In what's becoming an annual tradition, a motley crew of brave (or crazy?) CBF staffers plunged into the frigid waters of the Chesapeake Bay for the third consecutive year as a thank you to the hundreds of generous CBF members who gave on Giving Tuesday. And for the first time, the tradition extended its reach beyond CBF's Annapolis office to Virginia, as staffers in our Richmond and Hampton Roads offices took the plunge in the James and Lynnhaven rivers, respectively.
The generosity of our members is remarkable, as we not only did met our $25,000 goal—we far exceeded it, making this CBF's best Giving Tuesday ever!
Every dollar given supports our efforts to defend and protect the Bay, including award-winning educational programs, on-the-ground restoration activities throughout the watershed, and advocacy initiatives at both the federal and state level. With you by our side, we won't stop until the Bay and its rivers and streams are fully restored.
P.S. Did you miss out on Giving Tuesday? It's not too late to give—click here to show your love for the Bay and its rivers and streams!
This Week in the Watershed: Recycling Shells, Runoff Rage, and Pine Tree Love
- Disappointing news for the Charm City, as a Baltimore wastewater treatment plant is far exceeding its pollution limits. (Baltimore Sun—MD)
- As we enter the holiday season, CBF is encouraging folks to buy a real Christmas tree for several significant environmental reasons. (Chesapeake Bay Magazine) BONUS: CBF Press Release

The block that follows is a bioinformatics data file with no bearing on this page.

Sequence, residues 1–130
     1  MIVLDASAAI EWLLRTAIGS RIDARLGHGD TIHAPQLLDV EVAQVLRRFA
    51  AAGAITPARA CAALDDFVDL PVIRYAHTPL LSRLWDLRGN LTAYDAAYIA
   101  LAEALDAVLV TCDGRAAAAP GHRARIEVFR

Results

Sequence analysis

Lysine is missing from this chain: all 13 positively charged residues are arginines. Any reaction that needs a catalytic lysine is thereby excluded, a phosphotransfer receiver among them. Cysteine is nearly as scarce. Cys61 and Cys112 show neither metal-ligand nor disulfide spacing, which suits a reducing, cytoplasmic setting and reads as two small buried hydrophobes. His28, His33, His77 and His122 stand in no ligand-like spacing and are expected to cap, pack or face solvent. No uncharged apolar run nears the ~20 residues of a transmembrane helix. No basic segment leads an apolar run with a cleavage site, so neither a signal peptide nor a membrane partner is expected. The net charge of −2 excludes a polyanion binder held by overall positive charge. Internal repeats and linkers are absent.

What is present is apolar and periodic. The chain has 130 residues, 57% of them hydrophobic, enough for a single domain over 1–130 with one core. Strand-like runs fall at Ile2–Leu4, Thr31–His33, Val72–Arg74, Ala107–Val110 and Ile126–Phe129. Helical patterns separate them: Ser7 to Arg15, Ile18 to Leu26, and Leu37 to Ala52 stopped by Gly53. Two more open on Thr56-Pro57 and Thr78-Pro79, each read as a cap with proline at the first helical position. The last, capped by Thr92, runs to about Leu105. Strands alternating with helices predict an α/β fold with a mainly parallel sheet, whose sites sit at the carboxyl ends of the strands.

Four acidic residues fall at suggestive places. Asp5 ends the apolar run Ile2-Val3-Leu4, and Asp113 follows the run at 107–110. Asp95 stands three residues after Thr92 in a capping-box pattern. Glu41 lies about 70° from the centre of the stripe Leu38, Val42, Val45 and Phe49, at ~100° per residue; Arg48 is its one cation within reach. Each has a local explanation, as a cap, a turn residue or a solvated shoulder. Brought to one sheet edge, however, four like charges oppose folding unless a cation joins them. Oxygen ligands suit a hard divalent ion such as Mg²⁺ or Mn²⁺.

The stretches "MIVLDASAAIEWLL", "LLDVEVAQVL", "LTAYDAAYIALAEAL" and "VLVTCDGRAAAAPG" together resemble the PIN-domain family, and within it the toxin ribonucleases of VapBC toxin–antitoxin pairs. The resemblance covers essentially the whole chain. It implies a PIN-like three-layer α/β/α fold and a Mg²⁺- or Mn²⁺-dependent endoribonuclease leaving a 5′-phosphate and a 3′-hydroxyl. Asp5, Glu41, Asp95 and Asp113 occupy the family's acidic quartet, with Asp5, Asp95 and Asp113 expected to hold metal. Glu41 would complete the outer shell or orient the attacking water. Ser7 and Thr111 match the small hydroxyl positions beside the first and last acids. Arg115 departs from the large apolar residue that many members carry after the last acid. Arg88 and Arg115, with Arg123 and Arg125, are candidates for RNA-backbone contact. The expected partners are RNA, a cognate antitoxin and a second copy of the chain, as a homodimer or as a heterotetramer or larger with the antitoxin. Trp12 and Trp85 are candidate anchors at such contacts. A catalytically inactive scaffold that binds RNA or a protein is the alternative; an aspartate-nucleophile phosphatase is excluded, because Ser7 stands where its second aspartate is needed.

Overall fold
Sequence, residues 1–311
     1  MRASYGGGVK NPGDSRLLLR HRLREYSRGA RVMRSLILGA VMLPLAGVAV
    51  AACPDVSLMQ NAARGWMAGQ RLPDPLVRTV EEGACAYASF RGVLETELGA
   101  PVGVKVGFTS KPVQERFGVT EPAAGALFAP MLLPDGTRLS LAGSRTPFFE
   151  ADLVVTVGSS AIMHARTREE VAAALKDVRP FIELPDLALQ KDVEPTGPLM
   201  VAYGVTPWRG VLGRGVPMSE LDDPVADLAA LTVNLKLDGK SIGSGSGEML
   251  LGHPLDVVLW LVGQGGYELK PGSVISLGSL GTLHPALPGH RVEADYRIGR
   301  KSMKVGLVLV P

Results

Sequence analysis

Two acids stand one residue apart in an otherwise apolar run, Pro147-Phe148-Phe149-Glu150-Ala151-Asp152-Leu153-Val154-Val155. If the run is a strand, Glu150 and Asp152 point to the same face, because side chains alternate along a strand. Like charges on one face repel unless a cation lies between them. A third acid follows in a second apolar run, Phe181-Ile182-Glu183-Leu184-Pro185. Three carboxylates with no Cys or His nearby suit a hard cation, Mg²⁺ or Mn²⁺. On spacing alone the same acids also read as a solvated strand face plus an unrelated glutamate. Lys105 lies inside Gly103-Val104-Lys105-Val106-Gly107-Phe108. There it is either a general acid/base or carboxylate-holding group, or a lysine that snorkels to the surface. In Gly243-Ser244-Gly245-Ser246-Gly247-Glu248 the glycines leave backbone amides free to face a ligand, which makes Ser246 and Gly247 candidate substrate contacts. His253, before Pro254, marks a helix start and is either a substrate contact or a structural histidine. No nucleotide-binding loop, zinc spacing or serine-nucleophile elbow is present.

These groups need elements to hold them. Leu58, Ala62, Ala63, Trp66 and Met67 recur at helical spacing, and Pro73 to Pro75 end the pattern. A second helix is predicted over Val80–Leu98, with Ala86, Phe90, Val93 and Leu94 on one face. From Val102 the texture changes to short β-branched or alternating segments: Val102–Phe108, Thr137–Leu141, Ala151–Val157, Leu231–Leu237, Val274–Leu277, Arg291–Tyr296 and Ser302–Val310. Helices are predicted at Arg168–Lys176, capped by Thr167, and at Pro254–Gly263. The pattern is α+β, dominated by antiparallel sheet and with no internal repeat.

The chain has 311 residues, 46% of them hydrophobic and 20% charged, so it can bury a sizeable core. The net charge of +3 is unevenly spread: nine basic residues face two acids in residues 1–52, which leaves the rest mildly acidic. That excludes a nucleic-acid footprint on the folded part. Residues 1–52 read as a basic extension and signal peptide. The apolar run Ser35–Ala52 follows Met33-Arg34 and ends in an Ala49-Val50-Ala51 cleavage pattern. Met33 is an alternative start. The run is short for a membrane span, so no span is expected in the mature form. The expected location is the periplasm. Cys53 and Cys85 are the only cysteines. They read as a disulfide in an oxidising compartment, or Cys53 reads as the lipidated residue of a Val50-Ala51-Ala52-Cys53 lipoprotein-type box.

- The major improvements in reducing the District of Columbia's polluted runoff and sewage overflows provide a great example. (Bay Journal)
- Kim Coble, CBF's Vice President of Environmental Protection and Restoration, writes on the threat of air pollution and climate change for the Bay and the need to uphold the Clean Power Plan. (Bay Journal)
- Don't throw your oyster shells away! We're gathering shells across the Hampton Roads area, using them as the foundation for new oyster reefs. (Williamsburg Yorktown Daily—VA) BONUS: CBF Press Release
- CBF's Maryland Fisheries Scientist Allison Colden and scientists at the Virginia Institute of Marine Science found the tipping point for an oyster reef to thrive is building it about a foot off the water bottom. (Daily Press—VA)
Issues in this Post
Chesapeake Clean Water Blueprint Fundraising Water Quality CBF in Maryland CBF in Virginia Eastern Shore Office Federal Affairs Office Hampton Roads Office Maryland Office, Annapolis Pennsylvania Office Virginia Office, Richmond